Home Health Food protection and security: preventing and mitigating contamination during food processing and production
MAINTENANCE ACCORDING TO THE PRINCIPLES OF HYGIENIC DESIGN
Purchase and Acceptance of Parts, Tools, Lubricants, etc., Brought Onto Site
No equipment, spare parts, tools, etc., should be brought directly into a food production area. They should ideally be held in an external workshop or storage area, or if this is not possible, within the goods-in area. They should be inspected for any damage and to ensure that they meet the specifications as defined by the food manufacturer. This could include a visual inspection, as well as control for the presence of objectionable odors and physical contaminants. If appropriate, an assessment of the equipment’s surface roughness using an appropriate stylus instrument may be performed.
Before entrance into the factory, additional information can be gained as to how the equipment must/will be cleaned or maintained in practice. The sanitation manager can examine the equipment and begin to devise cleaning schedules, which might involve the cooperation of the maintenance team to help in planned dismantling and reassembly. The design of any parts trolley (e.g., parts rack) that may be required to store dismantled parts during cleaning is also a task of the maintenance department.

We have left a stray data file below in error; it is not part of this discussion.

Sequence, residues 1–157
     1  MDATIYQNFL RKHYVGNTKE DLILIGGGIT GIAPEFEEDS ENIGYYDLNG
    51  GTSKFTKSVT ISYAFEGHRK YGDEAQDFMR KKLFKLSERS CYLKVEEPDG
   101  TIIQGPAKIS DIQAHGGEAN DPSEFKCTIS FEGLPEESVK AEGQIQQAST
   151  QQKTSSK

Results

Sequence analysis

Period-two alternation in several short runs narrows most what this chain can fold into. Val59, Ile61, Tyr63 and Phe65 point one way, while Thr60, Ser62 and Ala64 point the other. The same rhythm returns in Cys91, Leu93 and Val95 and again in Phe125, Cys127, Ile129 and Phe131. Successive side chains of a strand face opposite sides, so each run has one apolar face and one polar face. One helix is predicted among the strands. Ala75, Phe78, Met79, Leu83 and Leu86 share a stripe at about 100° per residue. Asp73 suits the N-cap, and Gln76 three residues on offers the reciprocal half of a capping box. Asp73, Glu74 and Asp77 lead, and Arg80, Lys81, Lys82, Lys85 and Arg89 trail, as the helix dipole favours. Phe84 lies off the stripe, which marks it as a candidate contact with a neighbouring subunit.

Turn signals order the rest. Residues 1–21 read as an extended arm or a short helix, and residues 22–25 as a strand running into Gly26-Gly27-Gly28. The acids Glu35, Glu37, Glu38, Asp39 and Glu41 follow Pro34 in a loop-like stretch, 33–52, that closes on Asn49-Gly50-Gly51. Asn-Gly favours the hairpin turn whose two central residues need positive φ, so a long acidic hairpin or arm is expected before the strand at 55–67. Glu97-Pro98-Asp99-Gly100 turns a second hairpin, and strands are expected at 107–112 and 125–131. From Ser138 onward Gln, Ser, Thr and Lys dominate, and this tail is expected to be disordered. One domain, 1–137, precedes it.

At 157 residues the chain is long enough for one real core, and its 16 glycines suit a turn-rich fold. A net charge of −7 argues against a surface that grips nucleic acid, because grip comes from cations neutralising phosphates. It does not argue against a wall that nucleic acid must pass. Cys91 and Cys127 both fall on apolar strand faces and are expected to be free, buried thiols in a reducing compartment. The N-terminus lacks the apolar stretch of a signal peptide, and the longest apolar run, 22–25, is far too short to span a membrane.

Equipment should be physically cleaned and decontaminated, though ideally this should have been undertaken prior to the equipment arriving at the factory. For new equipment and components, this may be to remove any materials of construction deposits or lubricants used to machine or drive equipment components. For secondhand equipment this even could include food deposits, including potential allergens. Cases are known where the secondhand equipment has introduced strains of Listeria monocytogenes and Salmonella spp. (prevalent in their original factories) into their new home. Special care should be taken, therefore, before introducing equipment into areas where ready-to-eat foods are prepared. Once equipment has been brought into the food production area and installed in its operational positions, the equipment should be cleaned and decontaminated again.
Equipment finally can be assessed for its operational performance (if this is possible out of its intended point of installation) and an inspection made to ensure all parts are correctly installed and tightly fitted. The maintenance team can also begin to plan potential maintenance schedules and secure the provision of any specialist tools and spare or replacement parts.
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